READY OR NOT, HERE IT COMES. It is time to start preparing for the March Madness Poetry 2013 tournament!
I have spent a lot of time thinking about last year’s event, what worked well, what could be improved, etc. The #MMPoetry2013 event itself will not change much at all versus last year, but I am working on a number of things that will hopefully further increase exposure for the event (and for kids’ poetry!) and ensure that all poets — ahem, authletes — and voters get as much out of it as possible. I will reveal more details over the coming weeks.
FOR NOW, I have two exciting things to share:
1) Authletes can apply to participate in #MMPoetry2013 anytime between now and February 10, 2013, at 11:59pm Central. Take a peek at the application form here, and apply when you’re ready!
2) I recently had a chance to chat with our March Madness Poetry 2012 Champion, Stephen W. Cahill, over e-mail. I wanted to check in with him to see what he’s been up to back in Dublin, Ireland since last year’s event ended.
Here is that interview …
TKT: Hi Stephen. Thanks for taking time out to talk with me today.
SWC: Any time Ed. A nice distraction from my day job!
TKT: And what is your day job, if you don’t mind me asking?
SWC: My day job is as spacemonger for The Sunday Times. I flog advertising space basically – although my job title makes it sound far more important. It’s good fun, in fairness. I’ve worked in a few newspaper publishers over the years and there rarely is a dull moment.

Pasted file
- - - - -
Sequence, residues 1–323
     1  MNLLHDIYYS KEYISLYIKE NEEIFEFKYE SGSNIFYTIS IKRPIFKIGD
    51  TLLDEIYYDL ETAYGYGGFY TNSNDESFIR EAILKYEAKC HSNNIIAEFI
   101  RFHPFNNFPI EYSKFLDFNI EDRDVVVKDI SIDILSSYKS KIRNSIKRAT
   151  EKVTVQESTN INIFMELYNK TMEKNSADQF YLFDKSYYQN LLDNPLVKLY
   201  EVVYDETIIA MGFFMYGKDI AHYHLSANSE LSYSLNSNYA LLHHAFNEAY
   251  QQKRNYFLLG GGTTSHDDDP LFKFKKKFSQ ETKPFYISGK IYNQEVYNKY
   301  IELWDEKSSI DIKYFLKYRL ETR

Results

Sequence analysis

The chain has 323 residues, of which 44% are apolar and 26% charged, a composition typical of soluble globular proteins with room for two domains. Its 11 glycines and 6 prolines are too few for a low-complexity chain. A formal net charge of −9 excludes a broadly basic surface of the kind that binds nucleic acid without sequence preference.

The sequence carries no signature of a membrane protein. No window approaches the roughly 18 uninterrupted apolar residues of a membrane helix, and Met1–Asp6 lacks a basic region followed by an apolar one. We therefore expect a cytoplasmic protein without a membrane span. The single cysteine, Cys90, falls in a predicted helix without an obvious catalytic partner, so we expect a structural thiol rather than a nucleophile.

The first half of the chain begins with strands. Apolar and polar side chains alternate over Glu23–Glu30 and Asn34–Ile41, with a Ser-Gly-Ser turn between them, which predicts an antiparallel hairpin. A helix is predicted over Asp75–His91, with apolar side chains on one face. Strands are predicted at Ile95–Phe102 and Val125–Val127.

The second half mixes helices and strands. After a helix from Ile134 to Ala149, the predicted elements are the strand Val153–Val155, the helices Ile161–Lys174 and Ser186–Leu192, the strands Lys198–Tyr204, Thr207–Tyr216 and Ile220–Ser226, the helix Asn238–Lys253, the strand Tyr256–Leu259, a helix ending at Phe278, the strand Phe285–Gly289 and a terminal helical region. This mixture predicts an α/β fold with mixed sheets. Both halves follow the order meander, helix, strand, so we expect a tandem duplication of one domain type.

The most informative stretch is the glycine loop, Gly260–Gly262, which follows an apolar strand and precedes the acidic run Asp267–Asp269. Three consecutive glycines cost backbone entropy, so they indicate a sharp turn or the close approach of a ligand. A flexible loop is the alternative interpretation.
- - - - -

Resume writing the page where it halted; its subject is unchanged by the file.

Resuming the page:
TKT: We’ll warm up with a multiple choice question. Here are four descriptions of the 2012 March Madness Poetry (#MMPoetry2012) tournament given by participants after the event:
(A) “A life-changer for me as a writer.”
(B) “Like a mini-version of The Hunger Games …”
(C) “Don’t cry because it’s over, smile because it happened.”
(D) “Total crazy fun.”
Which of these would you say best describes your experience during the event, and why?
SWC: They all describe it pretty well actually. But I’ll have to go with (D). Although round my way we’d phrase it differently – more like “Complete mental craic”.